Patterns such as this are evident throughout the Young Lives data and are what we refer to as Developmental Cascades, a term drawn from the work of Ann Masten and Dante Cicchetti As LGM shows, cascades occur both within and across stages of childhood development and build upon one another so that their effects accumulate to shape developmental outcomes over time.
For example, the study measured children’s height for their age at each Round. This enabled us to discover a very important nugget; evidence of both growth recovery and faltering during middle childhood. A proportion of children whose growth was stunted in early childhood showed normal growth in middle childhood, while some who had shown normal early growth, were stunted later. Thus early growth status is not necessarily fixed, indicating the potential for remedial intervention later in development. Particularly important is evidence that recovery is associated with cognitive gains in some children.
Another example comes from the qualitative data analysed by Gina Crivello and Ginny Morrow. The TAG encouraged us to seek examples of children who were ‘bucking the trend’ of expected negative outcomes despite their disadvantages. What was it about these children and their circumstances that made the difference, and how could this information be used to provide more enabling environments for children placed at risk by poverty? Gina and Ginny’s work, discussed here, found that it was a combination of mutually reinforcing factors such as child characteristics and enabling environments in the family and beyond which together diverted children at risk into positive pathways. They also found that to maintain this positive Development Cascade, the children needed sustained support through young adulthood.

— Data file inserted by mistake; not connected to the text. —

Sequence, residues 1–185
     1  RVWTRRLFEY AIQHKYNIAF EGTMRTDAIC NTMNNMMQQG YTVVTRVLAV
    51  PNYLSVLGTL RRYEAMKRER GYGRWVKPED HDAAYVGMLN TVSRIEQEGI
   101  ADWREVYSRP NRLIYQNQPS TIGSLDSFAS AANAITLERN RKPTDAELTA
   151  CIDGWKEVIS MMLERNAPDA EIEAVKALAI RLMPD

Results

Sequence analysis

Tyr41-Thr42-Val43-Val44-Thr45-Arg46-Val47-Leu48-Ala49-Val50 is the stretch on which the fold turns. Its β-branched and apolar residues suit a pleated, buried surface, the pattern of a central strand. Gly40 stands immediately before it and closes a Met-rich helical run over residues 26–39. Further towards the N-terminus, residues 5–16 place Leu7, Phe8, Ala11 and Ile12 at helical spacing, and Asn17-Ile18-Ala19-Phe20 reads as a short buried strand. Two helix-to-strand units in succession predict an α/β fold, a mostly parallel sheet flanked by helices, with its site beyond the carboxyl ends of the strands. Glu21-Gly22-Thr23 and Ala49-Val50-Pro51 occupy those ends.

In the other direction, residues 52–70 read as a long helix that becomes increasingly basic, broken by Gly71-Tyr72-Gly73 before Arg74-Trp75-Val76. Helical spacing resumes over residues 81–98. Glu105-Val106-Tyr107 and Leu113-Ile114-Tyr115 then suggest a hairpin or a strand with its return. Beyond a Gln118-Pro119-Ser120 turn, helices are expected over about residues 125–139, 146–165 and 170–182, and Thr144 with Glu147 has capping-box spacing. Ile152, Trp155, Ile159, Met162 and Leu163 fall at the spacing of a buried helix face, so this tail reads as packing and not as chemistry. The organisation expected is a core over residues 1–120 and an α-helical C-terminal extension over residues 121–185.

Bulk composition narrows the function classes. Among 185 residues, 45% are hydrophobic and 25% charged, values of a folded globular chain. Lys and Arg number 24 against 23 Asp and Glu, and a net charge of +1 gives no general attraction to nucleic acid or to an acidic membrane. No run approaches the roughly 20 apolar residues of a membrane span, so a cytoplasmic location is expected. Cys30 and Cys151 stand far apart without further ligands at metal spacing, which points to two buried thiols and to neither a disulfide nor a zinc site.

In sum, Tracing has synthesized evidence from across the study and combined it with life course longitudinal analyses that permit examination of the cumulative influence of sources of risk, protection and opportunity from across childhood and through adolescence. This approach has allowed us to consider the implications of these findings for child-focused policy and programmes as low- and middle-income countries strive to overcome intergenerational poverty and inequality and meet the challenges of the Sustainable Development Goals. We will share Tracing’s findings with policy makers and practitioners in government and non-government settings to help inform debates on how best to secure children’s well-being, development and rights.
Tracing the consequences of child poverty is available digitally https://bit.ly/2TUOQRY and in print https://bit.ly/2U8vjwz. For news of Young Lives you can follow us on Twitter @yloxford, Facebook, and check our website www.younglives.org.